Celeriac (pictured above in Lula’s for Lunch…and More! ‘s Creamy Pear and Celeriac Soup) has a knobby, dirty, formidable looking root that you will want to peel.  Because it’s starchy, in general you want to pick the smaller of the roots available to you.  The end product will be sweeter.  The more you cook it the sweeter it becomes.  It makes a great, “different” puree when you’re looking for a base for proteins (think parsnip instead of potatoes), and it provides one of those mysterious “what’s IN this?” flavors to sauces, soups and stews.  Now GET IN THAT KITCHEN and try something different!

There IS No Shortcut to Mushrooms!

 

Shrooms and String Theory

Merry Christmas!As Gordon and I BOTH lay flat on our backs on ice (his a result of the story below, and mine a result of stubbornness and stupidity) we are fondly remembering our short trip last week to see Dwight Yoakam who didn’t show up (illness) then a short visit to one of our favorite places on earth – Red River Gorge. Shhh. I really DON’T want to get the word out – this place is unspoiled and wild and we want to keep it that way.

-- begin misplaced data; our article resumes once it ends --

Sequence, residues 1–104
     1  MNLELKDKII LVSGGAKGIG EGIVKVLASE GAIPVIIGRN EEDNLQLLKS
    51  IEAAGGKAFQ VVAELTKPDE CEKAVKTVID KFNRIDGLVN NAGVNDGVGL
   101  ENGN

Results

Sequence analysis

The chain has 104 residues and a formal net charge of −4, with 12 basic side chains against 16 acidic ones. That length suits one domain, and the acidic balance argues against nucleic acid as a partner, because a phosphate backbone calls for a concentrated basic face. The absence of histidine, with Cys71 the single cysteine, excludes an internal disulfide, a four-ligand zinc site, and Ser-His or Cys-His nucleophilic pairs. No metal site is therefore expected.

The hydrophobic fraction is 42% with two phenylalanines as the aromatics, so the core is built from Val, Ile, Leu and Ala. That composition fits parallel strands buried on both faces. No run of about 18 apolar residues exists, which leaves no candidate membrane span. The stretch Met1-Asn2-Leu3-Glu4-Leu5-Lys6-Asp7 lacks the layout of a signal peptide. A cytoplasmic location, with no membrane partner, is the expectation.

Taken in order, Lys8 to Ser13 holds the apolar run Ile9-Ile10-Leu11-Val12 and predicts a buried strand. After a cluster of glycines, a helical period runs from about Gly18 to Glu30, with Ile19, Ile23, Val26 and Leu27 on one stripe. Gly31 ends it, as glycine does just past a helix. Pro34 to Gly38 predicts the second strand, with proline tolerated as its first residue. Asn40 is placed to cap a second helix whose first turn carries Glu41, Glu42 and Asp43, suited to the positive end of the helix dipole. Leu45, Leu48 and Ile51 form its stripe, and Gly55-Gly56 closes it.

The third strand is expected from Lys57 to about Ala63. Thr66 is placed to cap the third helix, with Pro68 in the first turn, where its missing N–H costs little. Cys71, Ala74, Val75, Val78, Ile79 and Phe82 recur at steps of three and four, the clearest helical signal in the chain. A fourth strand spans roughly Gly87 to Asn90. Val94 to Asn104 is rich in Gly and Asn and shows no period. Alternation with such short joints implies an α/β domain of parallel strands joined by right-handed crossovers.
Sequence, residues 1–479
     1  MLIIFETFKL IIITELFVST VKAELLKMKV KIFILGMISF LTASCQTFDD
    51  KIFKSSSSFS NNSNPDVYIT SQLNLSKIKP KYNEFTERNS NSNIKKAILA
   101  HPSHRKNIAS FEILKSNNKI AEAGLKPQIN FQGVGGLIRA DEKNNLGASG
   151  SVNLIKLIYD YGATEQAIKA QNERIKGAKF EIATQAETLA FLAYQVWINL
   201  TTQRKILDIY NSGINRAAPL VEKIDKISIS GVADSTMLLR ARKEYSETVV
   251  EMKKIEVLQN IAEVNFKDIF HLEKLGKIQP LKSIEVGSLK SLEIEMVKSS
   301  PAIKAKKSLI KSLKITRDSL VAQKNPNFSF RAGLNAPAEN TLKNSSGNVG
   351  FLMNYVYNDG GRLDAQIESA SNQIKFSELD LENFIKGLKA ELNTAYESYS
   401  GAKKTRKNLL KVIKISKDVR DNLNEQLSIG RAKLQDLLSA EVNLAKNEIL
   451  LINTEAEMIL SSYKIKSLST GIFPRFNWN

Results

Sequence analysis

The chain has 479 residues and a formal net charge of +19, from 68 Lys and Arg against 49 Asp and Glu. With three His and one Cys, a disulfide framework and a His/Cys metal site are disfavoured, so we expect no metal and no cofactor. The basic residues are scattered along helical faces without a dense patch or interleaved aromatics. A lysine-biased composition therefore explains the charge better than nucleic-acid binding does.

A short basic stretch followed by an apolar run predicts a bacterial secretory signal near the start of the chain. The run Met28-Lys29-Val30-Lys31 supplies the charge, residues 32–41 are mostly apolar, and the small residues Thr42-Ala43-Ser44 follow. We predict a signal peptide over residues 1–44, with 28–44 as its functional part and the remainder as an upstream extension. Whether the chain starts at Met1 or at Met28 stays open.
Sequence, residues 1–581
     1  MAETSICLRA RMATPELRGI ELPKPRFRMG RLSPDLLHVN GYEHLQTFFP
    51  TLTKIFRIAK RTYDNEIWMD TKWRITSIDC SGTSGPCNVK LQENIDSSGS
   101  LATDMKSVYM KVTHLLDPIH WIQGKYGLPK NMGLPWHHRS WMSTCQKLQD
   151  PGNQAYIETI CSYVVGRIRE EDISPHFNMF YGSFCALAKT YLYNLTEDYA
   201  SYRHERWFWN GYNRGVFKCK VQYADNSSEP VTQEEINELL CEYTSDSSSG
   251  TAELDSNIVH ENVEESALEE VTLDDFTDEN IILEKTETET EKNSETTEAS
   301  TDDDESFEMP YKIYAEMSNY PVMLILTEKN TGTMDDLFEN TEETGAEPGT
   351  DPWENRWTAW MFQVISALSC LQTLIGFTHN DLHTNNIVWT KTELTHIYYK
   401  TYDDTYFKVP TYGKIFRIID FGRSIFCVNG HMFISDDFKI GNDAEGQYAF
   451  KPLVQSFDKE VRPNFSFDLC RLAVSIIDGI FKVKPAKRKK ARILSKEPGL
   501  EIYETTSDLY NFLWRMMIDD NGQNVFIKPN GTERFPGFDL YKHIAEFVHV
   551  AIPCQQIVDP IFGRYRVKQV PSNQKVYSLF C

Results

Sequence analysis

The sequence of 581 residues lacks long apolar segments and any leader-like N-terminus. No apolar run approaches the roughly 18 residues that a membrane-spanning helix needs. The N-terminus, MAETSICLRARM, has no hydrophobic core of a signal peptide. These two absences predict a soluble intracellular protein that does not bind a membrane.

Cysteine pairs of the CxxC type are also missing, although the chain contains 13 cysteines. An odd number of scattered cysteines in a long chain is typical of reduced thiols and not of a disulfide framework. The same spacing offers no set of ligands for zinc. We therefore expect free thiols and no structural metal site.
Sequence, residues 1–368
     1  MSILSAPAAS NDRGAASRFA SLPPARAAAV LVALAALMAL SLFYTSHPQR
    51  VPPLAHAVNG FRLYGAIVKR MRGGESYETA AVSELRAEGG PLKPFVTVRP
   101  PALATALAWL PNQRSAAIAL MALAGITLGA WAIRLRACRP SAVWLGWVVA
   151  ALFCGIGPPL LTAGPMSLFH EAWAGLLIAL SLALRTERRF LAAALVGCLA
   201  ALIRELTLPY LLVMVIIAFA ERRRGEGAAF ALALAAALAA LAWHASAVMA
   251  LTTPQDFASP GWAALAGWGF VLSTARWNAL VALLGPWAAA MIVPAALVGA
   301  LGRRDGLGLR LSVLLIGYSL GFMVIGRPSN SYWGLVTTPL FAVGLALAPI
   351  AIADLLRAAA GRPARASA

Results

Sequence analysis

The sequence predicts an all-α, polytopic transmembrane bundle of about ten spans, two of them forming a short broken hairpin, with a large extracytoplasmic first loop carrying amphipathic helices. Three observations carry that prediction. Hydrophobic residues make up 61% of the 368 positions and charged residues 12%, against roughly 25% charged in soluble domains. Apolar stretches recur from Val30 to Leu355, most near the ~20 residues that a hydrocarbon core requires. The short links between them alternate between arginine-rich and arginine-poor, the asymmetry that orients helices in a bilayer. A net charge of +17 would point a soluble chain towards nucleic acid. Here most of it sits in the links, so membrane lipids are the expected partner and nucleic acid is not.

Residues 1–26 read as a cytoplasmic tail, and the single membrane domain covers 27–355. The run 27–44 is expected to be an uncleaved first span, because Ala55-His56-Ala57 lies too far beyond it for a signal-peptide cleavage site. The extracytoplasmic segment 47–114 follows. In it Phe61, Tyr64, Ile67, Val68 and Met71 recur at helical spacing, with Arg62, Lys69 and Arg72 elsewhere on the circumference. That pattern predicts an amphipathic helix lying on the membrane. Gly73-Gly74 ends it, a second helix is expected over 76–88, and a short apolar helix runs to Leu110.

We have our favorite trails – some are mine, some are his – and this time we really just walked a few of the short ones and didn’t do any serious hiking.  One of the beautiful aspects of any walk in nature is you can take that walk one thousand times and you will always see something new every time. This time, on Tar Kiln Trail, I caught my first delightful glimpse of a red mushroom.  It was just brilliant, and I thought to myself how lucky am I! and then, right next to it I spotted a pink mushroom – first sighting ever!